As shown in FIG. 2, the conductive patch 102 includes an aperture 114 which is aligned with a similar aperture 116 in the overlying insulating patch 104 so as to permit the insertion therethrough of electrode gel or other preparations (as will be described in more detail below). A controllable (i.e. releasable) aperture closure 118 is formed by another adhesive-backed layer (e.g., of material the same as or similar to the material of insulating sheet 104) including adhesive 1182. The closure 118 may include a non-adhesive finger access tab 120 to facilitate its controlled removal from closure position when it is desired to insert electrode gel or the like through apertures 116, 114 and to thereafter be re-applied to close these apertures and thus prevent undesirable loss of electrode gel or other preparation after it is in place.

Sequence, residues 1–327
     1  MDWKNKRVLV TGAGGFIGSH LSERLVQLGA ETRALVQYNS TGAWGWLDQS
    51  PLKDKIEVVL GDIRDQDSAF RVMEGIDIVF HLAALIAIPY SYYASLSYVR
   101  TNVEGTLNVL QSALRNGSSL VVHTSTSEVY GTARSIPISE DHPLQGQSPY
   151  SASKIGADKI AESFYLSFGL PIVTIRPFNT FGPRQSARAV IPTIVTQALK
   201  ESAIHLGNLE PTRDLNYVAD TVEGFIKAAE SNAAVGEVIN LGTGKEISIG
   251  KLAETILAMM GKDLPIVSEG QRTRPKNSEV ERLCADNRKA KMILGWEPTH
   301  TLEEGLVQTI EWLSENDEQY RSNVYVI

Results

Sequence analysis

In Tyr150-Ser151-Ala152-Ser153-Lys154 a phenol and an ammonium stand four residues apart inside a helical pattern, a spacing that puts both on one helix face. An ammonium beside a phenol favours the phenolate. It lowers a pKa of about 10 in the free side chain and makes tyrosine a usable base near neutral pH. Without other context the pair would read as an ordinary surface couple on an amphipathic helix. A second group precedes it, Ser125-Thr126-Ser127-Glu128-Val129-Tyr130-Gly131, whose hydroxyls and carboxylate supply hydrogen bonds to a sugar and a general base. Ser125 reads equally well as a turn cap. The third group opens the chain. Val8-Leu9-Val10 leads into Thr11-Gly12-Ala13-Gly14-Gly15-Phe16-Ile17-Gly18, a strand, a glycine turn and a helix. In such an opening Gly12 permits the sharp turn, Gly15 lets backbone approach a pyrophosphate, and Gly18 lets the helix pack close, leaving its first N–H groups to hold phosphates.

The flexible electrode assembly of FIGS. 2-3 also includes a releasable liner layer 122 which is normally in place covering the otherwise exposed portions of the adhesive surface 104a until the intended time of usage. Typically, the release liner 122 will include a break 124 so that the entire assembly may be slightly bent at the break to gain finger access to a free edge of the releasable liner 122 and thus facilitate its strippage from the adhesive layer 104a and ready the assembly for adhesive affixation to the desired body surface area.